• Puerto Rico power company CEO who signed Hurricane Maria rebuilding contract resigns

    World News CBC News
    The director of Puerto Rico's power company resigned on Friday amid ongoing blackouts and scrutiny of a contract awarded to a small Montana-based company to help rebuild the electric grid destroyed by Hurricane Maria. Puerto Rico's Electric Power Authority (PREPA) said Ricardo Ramos presented his letter of resignation to the company's board effective immediately. Source
  • Delhi half marathon to go ahead despite smog, court rules

    World News CTV News
    The Delhi half marathon is to go ahead on Sunday despite dire health warnings from doctors after a court in the heavily polluted city refused to order a delay. The Indian Medical Association (IMA) had asked the Delhi High Court to postpone the event after a spike in pollution levels that it described as a public health emergency. Source
  • Three-year sentence for Alta. woman guilty in son's death

    Canada News CTV News
    CALGARY -- A woman found guilty in her son's death by failing to seek medical treatment for his strep infection has been sentenced to three years in prison. Tamara Lovett, 48, was found guilty in January of criminal negligence causing death. Source
  • Show me the money! Candidates to replace Premier Brad Wall reveal finances

    Canada News CTV News
    REGINA -- Former parks, culture and sport minister Ken Cheveldayoff has raised the most money so far in the race to replace Brad Wall as leader of the Saskatchewan Party and as premier. The party has released a preliminary financial disclosure report for all officially nominated candidates and which includes donations until the end of October. Source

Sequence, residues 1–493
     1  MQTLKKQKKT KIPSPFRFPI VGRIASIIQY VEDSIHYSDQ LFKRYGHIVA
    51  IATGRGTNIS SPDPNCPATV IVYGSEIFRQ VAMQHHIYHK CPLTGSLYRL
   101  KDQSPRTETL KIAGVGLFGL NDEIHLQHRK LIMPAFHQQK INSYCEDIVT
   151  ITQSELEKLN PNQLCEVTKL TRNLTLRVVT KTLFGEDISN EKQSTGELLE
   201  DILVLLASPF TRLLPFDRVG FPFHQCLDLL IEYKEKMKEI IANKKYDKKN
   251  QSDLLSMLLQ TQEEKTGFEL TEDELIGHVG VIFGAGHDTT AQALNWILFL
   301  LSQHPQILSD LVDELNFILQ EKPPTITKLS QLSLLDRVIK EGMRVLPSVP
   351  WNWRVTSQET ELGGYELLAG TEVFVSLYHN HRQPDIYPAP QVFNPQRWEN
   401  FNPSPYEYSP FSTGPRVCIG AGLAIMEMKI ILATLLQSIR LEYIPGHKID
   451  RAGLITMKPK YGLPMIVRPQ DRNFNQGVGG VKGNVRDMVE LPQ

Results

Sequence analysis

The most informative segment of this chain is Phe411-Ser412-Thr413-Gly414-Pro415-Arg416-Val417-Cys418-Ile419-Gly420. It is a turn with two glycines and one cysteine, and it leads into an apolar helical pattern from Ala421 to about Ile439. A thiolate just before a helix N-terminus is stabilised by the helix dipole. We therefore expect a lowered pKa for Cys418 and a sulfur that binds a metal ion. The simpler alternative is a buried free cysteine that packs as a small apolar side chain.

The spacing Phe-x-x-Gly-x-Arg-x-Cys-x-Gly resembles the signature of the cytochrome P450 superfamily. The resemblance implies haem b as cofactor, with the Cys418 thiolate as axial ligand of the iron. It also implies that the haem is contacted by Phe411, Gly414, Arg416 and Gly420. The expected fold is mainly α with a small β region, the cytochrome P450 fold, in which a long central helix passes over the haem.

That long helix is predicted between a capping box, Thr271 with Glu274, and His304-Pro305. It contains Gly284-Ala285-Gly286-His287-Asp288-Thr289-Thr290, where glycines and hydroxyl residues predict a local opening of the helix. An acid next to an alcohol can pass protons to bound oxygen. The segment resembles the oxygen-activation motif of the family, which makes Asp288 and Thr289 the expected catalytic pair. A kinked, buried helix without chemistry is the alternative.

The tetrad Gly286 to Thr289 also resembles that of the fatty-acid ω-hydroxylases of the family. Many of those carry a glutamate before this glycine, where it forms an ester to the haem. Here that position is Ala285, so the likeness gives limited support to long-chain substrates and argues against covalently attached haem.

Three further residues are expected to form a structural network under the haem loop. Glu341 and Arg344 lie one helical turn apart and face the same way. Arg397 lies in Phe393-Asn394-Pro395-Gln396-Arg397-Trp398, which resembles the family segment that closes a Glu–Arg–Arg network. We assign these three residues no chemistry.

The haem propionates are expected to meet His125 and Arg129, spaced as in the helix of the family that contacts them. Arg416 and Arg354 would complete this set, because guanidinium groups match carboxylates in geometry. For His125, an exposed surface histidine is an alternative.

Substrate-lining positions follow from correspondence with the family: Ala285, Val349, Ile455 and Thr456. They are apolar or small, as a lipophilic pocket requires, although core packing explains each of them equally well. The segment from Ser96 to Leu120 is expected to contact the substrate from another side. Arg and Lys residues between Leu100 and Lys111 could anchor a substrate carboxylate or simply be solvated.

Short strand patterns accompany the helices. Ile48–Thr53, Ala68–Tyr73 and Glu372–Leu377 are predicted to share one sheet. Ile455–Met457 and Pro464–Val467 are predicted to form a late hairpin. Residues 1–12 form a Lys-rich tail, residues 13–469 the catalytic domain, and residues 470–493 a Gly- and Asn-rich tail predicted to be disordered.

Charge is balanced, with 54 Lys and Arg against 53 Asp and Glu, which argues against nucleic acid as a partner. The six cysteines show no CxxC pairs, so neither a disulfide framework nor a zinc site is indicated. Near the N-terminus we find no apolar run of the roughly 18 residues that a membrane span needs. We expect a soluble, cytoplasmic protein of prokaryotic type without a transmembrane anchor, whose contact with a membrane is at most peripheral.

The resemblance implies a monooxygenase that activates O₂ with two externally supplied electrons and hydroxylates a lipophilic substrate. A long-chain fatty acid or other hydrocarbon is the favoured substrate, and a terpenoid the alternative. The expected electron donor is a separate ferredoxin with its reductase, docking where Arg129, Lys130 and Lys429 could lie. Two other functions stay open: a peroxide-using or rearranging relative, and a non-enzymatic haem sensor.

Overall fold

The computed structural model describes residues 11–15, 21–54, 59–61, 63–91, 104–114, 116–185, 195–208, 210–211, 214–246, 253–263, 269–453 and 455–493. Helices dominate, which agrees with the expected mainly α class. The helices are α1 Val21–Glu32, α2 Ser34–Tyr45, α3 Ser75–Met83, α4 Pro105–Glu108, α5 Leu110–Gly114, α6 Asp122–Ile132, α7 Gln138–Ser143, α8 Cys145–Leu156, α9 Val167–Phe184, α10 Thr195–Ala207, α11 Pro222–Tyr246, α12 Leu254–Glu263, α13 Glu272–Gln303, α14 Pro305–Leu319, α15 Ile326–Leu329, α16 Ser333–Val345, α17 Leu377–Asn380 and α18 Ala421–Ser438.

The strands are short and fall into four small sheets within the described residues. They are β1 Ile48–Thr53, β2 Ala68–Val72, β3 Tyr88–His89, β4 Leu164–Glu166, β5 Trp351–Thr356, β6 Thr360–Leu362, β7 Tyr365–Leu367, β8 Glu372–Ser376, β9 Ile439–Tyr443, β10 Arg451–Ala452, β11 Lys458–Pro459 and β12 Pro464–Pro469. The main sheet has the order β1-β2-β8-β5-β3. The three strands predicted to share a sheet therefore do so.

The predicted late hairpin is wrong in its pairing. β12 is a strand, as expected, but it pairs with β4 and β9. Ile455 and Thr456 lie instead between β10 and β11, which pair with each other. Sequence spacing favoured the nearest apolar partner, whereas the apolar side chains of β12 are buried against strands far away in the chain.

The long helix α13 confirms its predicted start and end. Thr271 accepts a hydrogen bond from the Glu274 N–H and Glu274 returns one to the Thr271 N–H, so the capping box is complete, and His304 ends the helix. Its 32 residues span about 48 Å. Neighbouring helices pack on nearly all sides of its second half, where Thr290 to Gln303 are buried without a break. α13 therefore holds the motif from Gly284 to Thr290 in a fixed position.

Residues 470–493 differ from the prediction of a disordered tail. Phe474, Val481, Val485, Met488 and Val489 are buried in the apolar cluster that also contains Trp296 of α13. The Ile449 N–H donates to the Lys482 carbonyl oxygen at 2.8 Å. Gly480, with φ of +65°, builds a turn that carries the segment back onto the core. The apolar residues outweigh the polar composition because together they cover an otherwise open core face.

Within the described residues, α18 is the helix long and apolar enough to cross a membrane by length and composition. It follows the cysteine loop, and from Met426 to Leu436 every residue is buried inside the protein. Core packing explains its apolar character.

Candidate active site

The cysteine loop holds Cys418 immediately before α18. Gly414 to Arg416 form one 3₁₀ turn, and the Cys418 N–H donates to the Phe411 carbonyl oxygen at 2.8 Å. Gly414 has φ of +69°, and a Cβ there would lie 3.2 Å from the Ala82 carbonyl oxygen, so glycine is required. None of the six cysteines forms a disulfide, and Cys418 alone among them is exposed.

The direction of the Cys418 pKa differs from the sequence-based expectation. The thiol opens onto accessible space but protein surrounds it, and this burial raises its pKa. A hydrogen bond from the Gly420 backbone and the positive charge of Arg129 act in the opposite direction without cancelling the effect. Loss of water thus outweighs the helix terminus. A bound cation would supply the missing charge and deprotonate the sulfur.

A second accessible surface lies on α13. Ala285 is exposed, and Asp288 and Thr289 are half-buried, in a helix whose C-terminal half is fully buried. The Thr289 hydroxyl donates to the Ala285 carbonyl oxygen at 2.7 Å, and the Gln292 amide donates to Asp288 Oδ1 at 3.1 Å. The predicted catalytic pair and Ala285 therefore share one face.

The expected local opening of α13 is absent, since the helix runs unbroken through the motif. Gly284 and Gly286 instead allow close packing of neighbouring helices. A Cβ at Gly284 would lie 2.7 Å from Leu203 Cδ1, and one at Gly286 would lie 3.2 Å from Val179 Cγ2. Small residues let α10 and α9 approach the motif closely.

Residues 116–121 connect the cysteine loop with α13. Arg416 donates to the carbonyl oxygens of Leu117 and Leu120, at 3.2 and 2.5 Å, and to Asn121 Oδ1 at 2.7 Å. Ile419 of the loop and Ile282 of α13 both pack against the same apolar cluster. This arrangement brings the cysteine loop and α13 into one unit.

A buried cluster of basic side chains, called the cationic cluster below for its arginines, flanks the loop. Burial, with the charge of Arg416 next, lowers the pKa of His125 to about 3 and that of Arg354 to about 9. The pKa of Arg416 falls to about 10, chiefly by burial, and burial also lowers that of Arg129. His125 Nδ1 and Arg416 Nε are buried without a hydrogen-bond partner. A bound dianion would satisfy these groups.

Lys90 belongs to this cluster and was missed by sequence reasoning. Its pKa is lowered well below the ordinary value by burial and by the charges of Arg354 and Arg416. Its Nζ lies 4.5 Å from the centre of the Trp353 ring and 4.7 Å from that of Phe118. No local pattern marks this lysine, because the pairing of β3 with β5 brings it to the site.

• Former Chilean president Sebastian Pinera the favourite in weekend election

    World News CBC News
    Four years after leaving office as a deeply unpopular leader, Sebastian Pinera is a strong favourite to win Sunday's presidential election in Chile, though he's unlikely to avoid a runoff. A flagging economy and other stumbles by the centre-left government of Michelle Bachelet appear to have warmed Chileans' memories of Pinera, a billionaire businessman who was plagued by massive protests over inequality and education rights but oversaw economic growth averaging 5.3 per cent yearly during his…
  • Manitoba premier hurt while hiking in New Mexico

    Canada News CTV News
    WINNIPEG -- Manitoba Premier Brian Pallister has been injured while hiking in New Mexico. A government statement says the premier was hiking in the Gila Wilderness when he had a serious fall. It says he suffered compound fractures in his left arm, along with numerous cuts and bruises. Source
  • Nebraska government says latest pipeline leak won't affect Keystone XL decision

    World News CBC News
    Nebraska state officials said Friday an oil spill from the Keystone pipeline in South Dakota won't affect their imminent decision to approve or deny a route for the related Keystone XL project. A spokeswoman for the Nebraska Public Service Commission said Friday that commissioners will base their decision solely on evidence presented during public hearings and from official public comments. Source
  • Pope to feed hundreds of poor at special Sunday lunch, Mass

    World News CTV News
    VATICAN CITY -- Pope Francis will be offering several hundred poor people -- homeless, migrants, unemployed -- a lunch of gnocchi, veal and tiramisu when he celebrates his first World Day of the Poor in the spirit of his namesake, St. Source